• the letter to the Commerce Department regarding the former Treasury employee who is not employed by that agency; and
• the memorandum informing the Deputy Secretary of the Deputy General Counsel's decisions and attachments analyzing relevant Model Rules of Professional Responsibility.

These documents were distributed for comment on November 2, 2000 to the six attorneys whose conduct was implicated in the Special Master Report. In response, Ingrid Falanga "consent[ed] to the unsealing of the documents filed with the Department of Treasury's Motion to File Documents Under Seal, provided that the Department of Treasury agrees that the document that [she] filed yesterday . . . be made part of the record in this case;" Randall Lewis indicated that he "does not object and consents to the unsealing and public filling of the documents attached to the Department of Treasury's Motion to File Documents Under Seal;" Roberta McInerney stated that she "has no objection to the release of those portions of the Treasury Department material which relate to her conduct in this matter." On November 13, 2000, Eleni Constantine affirmed that "the materials relating to the internal Treasury review should be made available as a matter of public record;" James Regan stated that he "does not intend to oppose either the Dow Jones motion or the plaintiffs' request for access to those documents." Daniel Mazella stated that he "takes no position on whether the material [] filed under seal on November 2, 2000, should be made part of the public record."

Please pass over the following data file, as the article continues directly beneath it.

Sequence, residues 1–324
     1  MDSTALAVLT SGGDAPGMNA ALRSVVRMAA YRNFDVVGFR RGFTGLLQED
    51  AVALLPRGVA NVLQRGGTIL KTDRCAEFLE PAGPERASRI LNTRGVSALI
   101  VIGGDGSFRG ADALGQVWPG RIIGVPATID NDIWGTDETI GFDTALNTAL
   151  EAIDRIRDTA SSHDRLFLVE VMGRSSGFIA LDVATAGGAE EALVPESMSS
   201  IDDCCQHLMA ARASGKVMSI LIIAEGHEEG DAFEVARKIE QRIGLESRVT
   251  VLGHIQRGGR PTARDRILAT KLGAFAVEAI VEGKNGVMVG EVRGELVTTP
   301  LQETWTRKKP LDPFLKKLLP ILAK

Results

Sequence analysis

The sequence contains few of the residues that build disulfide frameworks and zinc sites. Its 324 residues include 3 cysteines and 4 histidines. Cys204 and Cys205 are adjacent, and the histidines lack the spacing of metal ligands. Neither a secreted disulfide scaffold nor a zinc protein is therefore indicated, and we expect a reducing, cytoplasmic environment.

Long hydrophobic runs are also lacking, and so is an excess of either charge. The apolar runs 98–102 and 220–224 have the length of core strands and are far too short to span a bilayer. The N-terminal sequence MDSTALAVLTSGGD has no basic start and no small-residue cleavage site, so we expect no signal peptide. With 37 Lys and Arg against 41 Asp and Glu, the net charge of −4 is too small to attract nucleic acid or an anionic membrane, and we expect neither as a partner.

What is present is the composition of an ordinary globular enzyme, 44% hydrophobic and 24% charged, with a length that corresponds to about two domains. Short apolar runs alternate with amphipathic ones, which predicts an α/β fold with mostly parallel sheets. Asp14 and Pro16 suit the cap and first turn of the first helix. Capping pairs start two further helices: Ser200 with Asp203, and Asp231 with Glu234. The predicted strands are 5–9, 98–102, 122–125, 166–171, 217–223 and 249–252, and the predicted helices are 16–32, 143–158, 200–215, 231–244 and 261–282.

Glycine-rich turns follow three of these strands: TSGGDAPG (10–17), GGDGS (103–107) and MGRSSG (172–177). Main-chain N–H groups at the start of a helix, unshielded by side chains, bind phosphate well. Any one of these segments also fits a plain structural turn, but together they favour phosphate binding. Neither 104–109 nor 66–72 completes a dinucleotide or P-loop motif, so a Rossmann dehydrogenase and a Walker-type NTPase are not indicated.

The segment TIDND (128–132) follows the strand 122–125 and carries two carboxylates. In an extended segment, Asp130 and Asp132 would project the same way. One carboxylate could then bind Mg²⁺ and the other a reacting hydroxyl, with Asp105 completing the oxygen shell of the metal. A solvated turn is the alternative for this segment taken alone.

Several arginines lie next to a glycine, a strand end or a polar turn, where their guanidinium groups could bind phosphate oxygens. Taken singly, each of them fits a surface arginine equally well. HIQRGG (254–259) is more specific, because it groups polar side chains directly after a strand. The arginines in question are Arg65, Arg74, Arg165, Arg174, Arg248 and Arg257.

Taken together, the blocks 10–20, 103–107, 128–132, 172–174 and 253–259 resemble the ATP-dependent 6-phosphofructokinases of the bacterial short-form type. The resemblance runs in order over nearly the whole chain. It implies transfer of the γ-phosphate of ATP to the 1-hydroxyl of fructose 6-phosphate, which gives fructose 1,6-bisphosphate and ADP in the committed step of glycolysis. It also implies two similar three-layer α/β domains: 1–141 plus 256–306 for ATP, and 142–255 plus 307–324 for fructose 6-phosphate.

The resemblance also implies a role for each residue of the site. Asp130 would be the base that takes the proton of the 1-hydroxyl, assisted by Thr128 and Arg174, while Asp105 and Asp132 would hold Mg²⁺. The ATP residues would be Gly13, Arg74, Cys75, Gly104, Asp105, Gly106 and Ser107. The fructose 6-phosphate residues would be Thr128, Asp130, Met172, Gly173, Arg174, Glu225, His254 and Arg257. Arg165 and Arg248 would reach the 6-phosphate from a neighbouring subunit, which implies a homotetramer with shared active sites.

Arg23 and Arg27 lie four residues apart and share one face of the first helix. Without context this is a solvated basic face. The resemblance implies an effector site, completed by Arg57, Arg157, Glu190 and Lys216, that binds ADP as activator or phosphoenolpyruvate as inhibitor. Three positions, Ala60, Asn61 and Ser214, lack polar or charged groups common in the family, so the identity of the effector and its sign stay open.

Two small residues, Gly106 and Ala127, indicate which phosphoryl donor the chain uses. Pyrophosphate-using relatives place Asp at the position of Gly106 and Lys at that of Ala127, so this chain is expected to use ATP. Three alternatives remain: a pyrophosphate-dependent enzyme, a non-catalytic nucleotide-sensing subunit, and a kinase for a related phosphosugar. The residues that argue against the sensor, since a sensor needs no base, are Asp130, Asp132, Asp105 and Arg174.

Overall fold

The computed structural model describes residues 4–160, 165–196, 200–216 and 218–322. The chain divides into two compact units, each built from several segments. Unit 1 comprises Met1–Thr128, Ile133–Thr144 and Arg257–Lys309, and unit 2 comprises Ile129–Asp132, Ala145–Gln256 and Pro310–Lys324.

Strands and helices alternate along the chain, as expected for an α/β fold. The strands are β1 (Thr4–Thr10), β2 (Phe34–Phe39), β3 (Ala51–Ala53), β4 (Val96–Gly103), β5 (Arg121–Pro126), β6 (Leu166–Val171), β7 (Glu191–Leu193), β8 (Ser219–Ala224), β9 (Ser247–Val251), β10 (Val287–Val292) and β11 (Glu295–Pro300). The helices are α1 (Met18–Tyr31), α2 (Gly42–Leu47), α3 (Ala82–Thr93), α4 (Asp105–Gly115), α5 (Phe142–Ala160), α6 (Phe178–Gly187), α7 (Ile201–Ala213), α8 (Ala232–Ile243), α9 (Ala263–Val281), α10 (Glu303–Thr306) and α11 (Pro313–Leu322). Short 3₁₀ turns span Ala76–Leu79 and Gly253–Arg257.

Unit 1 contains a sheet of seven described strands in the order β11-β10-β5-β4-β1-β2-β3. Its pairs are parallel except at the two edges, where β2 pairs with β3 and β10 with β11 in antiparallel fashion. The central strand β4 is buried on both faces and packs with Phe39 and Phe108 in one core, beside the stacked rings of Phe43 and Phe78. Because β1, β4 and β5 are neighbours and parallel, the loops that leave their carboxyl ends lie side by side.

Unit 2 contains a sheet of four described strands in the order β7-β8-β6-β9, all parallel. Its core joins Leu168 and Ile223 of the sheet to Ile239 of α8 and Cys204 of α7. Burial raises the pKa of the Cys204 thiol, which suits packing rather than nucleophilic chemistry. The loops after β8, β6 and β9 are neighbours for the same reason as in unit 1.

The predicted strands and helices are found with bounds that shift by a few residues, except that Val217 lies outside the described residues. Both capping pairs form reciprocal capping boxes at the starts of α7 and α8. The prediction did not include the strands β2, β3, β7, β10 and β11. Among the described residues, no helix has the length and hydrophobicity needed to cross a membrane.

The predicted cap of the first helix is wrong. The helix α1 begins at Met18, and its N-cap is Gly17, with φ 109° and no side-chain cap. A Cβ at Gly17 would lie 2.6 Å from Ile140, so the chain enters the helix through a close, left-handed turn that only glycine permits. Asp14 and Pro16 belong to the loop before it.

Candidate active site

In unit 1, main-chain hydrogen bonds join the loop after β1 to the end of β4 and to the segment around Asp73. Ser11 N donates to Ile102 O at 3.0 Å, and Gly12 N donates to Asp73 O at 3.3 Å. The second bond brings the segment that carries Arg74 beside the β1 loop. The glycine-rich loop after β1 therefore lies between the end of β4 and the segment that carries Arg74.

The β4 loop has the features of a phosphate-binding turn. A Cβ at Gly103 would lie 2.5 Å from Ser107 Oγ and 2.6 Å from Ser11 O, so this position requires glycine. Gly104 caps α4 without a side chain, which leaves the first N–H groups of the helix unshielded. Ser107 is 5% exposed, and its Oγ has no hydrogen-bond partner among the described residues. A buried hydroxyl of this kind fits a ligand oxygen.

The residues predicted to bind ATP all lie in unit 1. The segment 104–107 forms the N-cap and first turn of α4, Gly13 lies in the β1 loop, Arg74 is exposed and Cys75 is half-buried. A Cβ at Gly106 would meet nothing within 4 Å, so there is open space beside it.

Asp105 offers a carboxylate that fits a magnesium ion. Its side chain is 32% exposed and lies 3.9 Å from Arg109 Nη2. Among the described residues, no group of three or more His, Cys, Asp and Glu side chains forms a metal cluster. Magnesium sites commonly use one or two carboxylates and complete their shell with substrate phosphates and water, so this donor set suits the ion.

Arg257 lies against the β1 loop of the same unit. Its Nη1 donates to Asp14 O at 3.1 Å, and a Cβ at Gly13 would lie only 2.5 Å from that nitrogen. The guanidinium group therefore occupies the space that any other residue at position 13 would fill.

Treasury argues that, while it is proscribed from publicly disseminating the Sealed Documents in accordance with the Privacy Act 5 U.S.C. § 552a(b), the Court is not so restricted.*fn5 Treasury Response, at 3. Rather, it requests that this Court "not disclose or release any portion of these documents or any information contained therein to the Plaintiffs or the public" in recognition of the fact that they contain "sensitive personnel matters contained in the Employee Performance File System." Motion to Seal at 6.*fn6

Dow Jones & Company, Inc. ("Dow Jones") seeks to intervene in the instant discussion*fn7 and asks the Court to grant public access to the Sealed Documents on the grounds that the Privacy Act does not apply to the Sealed Documents, the Court is not bound by the Act and the presumption that such access is mandated by both common law and constitutionally.*fn8

Dow Jones and plaintiffs argue that the Privacy Act has no application to the instant equation and that the six factors articulated in United States v. Hubbard, 650 F.2d 293 (D.C.Cir. 1980) and the teachings of the ...